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The Future Of Guest WiFi

The Future Of Guest WiFi

The future of guest WiFi will be about delivering personalised services, quickly and securely. Hotel WiFi has a poor reputation as guests have historically experienced slow connections, patchy coverage and are attuned to much-publicised security concerns. Today, fast and secure ‘connectivity’ in a hotel is expected just as running water or electricity is expected and demands on Guest WiFi are greater than ever, with as many as five devices drawing on the connectivity from a single guest.

Networks will need to overcome the historic slow connections, patchy coverage to enable delivery of personalised services leading to significant benefits to the hotelier and guests. We’ve outlined our predictions for guest WiFi below:

PAN (Personal Area Network) – is this the future?

A PAN is the local network of personal devices or gadgets within the environment of an individual user. The guest is assigned their own private network, a VLAN (Virtual Local Area Network) enabling them to connect to all their own devices as well as Internet access.

A PAN. It is delivered through the hotel ́s WiFi network and allows the guest to use and control their own devices and content in a secure way. The idea is to create a similar network to what you have at home within the SSID and security settings. These are a relatively new service only available from a handful of WiFi providers and portals such as Vital Wifi and Hotspot Manager, but will become more mainstream in the future.

Guest WiFi and BYOD (Bring Your Own Device)

Whilst many hotels provide in-room guest tablets for accessing the hotel’s digital services, most guests prefer to access content via their own devices, rather than a hotel’s entertainment portal. Therefore, features like ‘Screen Mirroring’ need to be catered for.

Technology means travel is a “home-from-home experience” reports Travelport. Over 50% of global travellers use the same media apps whilst travelling as they do at home. More than 60% want to use digital room keys and check into a hotel via an app and 71% will avoid a hotel that charges for WiFi concludes the report.

Smartphone reliance

Recent surveys show the importance of the smartphone to the guest. The Expedia®/Egencia Mobile Index reveals that travellers consider their smartphone to be the single most indispensable item they carry with them when they travel, ahead of their toothbrush, deodorant and driver’s license.

The majority of consumers in our study are willing to put their money where their mouths are. For example, 66% of hotel guests say they’re would pay more for the technology services they deem important — and ‘free’ WiFi, they tell us, is very important. Free is in the eye of the beholder. If room rates increase but WiFi isn’t an up-charge, our data suggests that the customer will be more likely to stay with you again.”

Increase in conference and event requirements

Delegate WiFi Access

Poor WiFi experiences can kill an event. A hotel’s unified network should therefore be configured to cater for a high volume of simultaneous connections. Organisers need to offer a reliable and robust network for their fee-paying exhibitors and delegates need reliable access to catch up on work.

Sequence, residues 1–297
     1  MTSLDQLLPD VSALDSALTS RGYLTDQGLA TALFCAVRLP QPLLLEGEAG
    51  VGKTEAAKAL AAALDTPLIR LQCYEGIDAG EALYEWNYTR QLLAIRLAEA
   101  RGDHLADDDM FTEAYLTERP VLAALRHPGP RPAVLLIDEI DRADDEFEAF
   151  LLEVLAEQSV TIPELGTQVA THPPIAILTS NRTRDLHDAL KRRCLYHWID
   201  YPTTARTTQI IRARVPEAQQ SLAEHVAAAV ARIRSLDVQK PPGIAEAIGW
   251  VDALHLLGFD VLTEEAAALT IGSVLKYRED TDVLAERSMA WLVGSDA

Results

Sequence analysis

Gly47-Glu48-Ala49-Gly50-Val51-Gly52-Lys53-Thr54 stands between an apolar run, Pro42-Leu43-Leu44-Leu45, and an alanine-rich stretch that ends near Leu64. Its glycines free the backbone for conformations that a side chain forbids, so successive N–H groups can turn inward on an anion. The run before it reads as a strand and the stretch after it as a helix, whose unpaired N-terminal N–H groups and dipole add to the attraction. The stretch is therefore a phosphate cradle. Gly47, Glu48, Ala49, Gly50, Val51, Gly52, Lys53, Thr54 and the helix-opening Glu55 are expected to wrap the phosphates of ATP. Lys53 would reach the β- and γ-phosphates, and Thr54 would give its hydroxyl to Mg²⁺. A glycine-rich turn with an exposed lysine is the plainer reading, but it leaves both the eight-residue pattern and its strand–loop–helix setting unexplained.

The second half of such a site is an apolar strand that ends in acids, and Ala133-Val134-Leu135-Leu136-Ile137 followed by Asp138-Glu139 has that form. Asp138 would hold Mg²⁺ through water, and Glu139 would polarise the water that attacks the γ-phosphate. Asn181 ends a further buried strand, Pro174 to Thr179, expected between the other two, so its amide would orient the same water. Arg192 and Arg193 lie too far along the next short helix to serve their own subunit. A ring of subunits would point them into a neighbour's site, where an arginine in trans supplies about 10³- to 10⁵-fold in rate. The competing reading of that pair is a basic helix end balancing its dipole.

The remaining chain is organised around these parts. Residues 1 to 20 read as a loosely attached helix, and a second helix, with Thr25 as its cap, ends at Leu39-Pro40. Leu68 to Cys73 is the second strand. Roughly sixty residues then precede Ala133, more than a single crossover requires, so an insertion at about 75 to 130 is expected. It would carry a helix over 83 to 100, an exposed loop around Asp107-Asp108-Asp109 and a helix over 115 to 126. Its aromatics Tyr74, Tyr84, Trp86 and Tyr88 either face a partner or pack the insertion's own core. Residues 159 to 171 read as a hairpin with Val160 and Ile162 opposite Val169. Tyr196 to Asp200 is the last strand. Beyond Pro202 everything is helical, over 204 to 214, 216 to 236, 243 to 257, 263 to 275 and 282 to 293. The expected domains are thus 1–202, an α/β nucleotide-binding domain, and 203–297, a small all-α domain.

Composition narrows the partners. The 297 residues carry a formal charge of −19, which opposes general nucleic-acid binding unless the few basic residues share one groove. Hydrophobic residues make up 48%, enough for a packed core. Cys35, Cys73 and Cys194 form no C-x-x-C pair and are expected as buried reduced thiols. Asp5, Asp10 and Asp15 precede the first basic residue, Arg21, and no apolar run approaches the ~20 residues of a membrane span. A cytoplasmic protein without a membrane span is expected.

Friction-free event check-in

A hotel’s WiFi network can be configured to accommodate mobile phone event check-in systems which are now becoming ubiquitous in the event industry. Apps like Zkipster (used by Red Bull and HBO), registers delegates as they arrive. CheckInEasy alerts organisers when a VIP arrives. Social Tables (used by Forbes and Dow Jones) claims to be the fastest and easiest to use. The established event management software vendors have mobile event check-in such as CVENT On Arrival.

Virtual site inspections

Hotels such as Marriott offer live virtual site inspections using virtual reality and 360-degree photography technology to immerse event planners into their space remotely. Those hotels that adopt such solutions will of course have a competitive edge over those that do not. A robust WiFi network is essential for this.

Wayfinding, beacons and indoor positioning systems

For large hotels, conference centres and stadiums, the unified network can be extended to help navigation. Indoor positioning systems (IPS) have been described as GPS on steroids. They are used with very large indoor venues to locate people or objects and can be deployed to assist in wayfinding with interactive maps, networking, locating booths, and so on. IPS can work with a smartphone interacting with asset tags or beacons that transmit data. Beacons report the device location data which is then accessed via cloud-based application program interfaces (API), mobile apps, integrated CRM software, etc. IPS technologies include ultrasound, radio frequency (RF), WiFi, and Bluetooth low energy (BLE).

Get your WiFi up to speed today

Although not an exhaustive list, it’s obvious that hoteliers will need to rise to the challenge of creating frictionless, digital interaction for guests. There is no excuse for poor Guest WiFi. Hotels who fail to invest in this, risk losing customers. It is estimated that 80% of guests will not return to a hotel that delivers a bad technology experience.

If you’re looking to upgrade your system to a unified network that can help you face these challenges, Vital Wifi can help. Investment in a unified network need not break the bank, we are offering free installation to any hoteliers impacted by the Coronavirus crisis, with a monthly fee from as little as £4 per month per guest bedroom. What’s more, you won’t pay a penny for the first three months.

Contact us now for more information on our managed service offer and to arrange your free installation today. 

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